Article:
デバンキングハンドブック(3/6) オーバーキルバックファイアー効果

[Cook, J., Lewandowsky, S. (2011), The Debunking Handbook. St. Lucia, Australia: University of Queensland. November 5. ISBN 978-0-646-56812-6.]

The Overkill Backfire Effect

One principle that science communicators often fail to follow is making their content easy to process. That means easy to read, easy to understand and succinct. Information that is easy to process is more likely to be accepted as true.[7] Merely enhancing the colour contrast of a printed font so it is easier to read, for example, can increase people’s acceptance of the truth of a statement.[9]


Common wisdom is that the more counterarguments you provide, the more successful you’ll be in debunking a myth. It turns out that the opposite can be true. When it comes to refuting misinformation, less can be more. Debunks that offered three arguments, for example, are more successful in reducing the influence of misinformation, compared to debunks that offered twelve arguments which ended up reinforcing the myth.[7]



The Overkill Backfire Effect occurs because processing many arguments takes more effort than just considering a few. A simple myth is more cognitively attractive than an over-complicated correction.


The solution is to keep your content lean, mean and easy to read. Making your content easy to process means using every tool available. Use simple language, short sentences, subheadings and paragraphs. Avoid dramatic language and derogatory comments that alienate people. Stick to the facts.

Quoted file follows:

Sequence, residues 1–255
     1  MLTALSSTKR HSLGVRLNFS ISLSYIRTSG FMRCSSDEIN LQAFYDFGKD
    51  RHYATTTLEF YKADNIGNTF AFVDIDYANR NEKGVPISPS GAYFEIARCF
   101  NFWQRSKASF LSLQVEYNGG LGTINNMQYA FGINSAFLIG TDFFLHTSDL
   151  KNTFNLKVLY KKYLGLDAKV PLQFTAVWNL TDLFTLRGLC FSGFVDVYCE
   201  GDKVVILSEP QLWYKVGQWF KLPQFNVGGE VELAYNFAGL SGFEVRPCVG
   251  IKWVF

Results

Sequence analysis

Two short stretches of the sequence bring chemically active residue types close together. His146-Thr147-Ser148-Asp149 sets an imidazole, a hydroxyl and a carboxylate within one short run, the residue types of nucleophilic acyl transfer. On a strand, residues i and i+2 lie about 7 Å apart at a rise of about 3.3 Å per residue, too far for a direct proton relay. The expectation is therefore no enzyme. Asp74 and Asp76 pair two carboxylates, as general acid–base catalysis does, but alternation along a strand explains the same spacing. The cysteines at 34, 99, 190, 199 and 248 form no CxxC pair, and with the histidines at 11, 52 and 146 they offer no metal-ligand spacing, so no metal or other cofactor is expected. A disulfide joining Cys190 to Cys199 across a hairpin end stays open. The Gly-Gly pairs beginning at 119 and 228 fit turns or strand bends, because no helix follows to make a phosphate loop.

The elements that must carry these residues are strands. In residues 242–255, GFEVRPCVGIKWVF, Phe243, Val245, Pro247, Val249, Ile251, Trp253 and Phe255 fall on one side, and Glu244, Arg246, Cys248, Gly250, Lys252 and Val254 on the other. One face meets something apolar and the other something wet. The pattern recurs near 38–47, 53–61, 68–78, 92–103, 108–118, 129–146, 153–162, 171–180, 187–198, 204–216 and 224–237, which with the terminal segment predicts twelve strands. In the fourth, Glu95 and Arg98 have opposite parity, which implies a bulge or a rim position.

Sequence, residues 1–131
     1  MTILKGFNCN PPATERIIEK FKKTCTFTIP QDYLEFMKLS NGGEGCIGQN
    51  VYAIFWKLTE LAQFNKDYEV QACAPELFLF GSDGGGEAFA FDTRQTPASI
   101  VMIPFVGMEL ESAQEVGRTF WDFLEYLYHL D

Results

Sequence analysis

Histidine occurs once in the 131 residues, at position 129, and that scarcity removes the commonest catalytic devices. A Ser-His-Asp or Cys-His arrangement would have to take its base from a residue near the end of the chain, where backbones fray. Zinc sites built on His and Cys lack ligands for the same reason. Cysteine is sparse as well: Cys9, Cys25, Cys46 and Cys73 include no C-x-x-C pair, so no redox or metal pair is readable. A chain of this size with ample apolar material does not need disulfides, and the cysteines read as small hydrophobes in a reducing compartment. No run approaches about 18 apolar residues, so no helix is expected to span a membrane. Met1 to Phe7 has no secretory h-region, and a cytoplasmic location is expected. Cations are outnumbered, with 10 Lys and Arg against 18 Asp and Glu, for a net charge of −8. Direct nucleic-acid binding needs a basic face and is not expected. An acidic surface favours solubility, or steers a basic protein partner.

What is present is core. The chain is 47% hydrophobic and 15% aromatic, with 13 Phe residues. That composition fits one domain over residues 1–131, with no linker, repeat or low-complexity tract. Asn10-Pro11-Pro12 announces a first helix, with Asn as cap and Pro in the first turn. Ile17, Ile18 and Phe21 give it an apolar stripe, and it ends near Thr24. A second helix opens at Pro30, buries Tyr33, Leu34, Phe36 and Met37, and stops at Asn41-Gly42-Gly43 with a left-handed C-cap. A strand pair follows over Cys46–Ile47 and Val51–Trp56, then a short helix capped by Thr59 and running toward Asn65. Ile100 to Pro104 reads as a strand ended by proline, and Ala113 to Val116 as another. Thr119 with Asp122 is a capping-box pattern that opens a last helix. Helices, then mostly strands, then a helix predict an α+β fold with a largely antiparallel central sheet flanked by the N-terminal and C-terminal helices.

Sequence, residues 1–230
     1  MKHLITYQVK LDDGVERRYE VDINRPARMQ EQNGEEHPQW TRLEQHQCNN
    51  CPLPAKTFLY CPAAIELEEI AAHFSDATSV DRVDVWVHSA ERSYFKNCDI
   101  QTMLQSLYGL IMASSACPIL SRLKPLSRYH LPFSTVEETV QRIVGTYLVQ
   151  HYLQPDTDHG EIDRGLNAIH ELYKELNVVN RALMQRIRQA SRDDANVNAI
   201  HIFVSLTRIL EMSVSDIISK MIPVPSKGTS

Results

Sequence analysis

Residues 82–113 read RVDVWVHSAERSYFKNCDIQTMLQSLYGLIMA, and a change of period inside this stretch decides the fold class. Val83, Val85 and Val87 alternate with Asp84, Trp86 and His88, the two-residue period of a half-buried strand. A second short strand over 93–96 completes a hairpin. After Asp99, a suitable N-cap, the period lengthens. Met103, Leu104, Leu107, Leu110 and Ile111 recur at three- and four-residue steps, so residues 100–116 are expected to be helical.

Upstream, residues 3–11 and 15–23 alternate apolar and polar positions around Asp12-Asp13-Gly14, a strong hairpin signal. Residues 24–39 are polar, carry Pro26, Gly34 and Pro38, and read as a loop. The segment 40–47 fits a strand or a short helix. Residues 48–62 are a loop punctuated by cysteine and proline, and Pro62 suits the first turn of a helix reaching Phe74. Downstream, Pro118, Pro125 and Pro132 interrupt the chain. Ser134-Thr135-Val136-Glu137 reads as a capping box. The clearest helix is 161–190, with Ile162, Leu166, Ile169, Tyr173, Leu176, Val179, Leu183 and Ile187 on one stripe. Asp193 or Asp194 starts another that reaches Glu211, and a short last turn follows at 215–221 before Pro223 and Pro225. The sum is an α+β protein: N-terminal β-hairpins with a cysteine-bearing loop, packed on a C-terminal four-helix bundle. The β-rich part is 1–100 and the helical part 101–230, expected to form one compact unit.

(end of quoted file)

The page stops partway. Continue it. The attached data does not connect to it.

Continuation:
End on a strong and simple message that people will remember and tweet to their friends, such as “97 out of 100 climate scientists agree that humans are causing global warning”; or “Study shows that MMR vaccines are safe.” Use graphics wherever possible to illustrate your points.


Scientists have long followed the principles of the Information Deficit Model, which suggests that people hold erroneous views because they don’t have all the information. But too much information can backfire. Adhere instead to the KISS principle: Keep It Simple, Stupid!


A simple myth is more cognitively attractive than an overcomplicated correction


単純なレベルで書くと、伝えたい概念の複雑さやニュアンスが失われるおそれがある。Skeptical Scienceでは、複数レベルの反論を書くことで両立させている。初級レベルでは、短い平易な英文を書き、単純な図を使う。より専門的に中級および上級レベルでは、より専門的な言葉や詳細な説明を書く。下のアイコンは、反論の専門レベルを示すために使っている。

[7] Schwarz, N., Sanna, L., Skurnik, I., & Yoon, C. (2007). Metacognitive experiences and the intricacies of setting people straight:Implications for debiasing and public information campaigns. Advances in Experimental Social Psychology, 39, 127-161.
[8] Nyhan, B., & Reifler, J. (2010). When Corrections Fail: The Persistence of Political Misperceptions. Political Behavior, 32, 303-330.
[9] Reber, R., Schwarz, N. (1999). Effects of Perceptual Fluency on Judgments of Truth, Consciousness and Cognition, 8, 338-3426.


posted by Kumicit at 2011/12/03 23:08 | Comment(1) | TrackBack(0) | ID: General | このブログの読者になる | 更新情報をチェックする
Having your cake and eating it tooについて、「無理なことを同時に行う=両立は無理」と解釈出来ないでしょうか?その根拠は以下の通です。
"have your cake and eat it (too)" in British English:
to have or do two good things at the same time that are impossible to have or do at the same time:
You can't have your cake and eat it - if you want more local services, you can't expect to pay less tax.
(Definition of “have your cake and eat it (too)” from the Cambridge Advanced Learner’s Dictionary & Thesaurus c Cambridge University Press):
Posted by 名も無き忘却からの帰還者 at 2016/08/23 21:33



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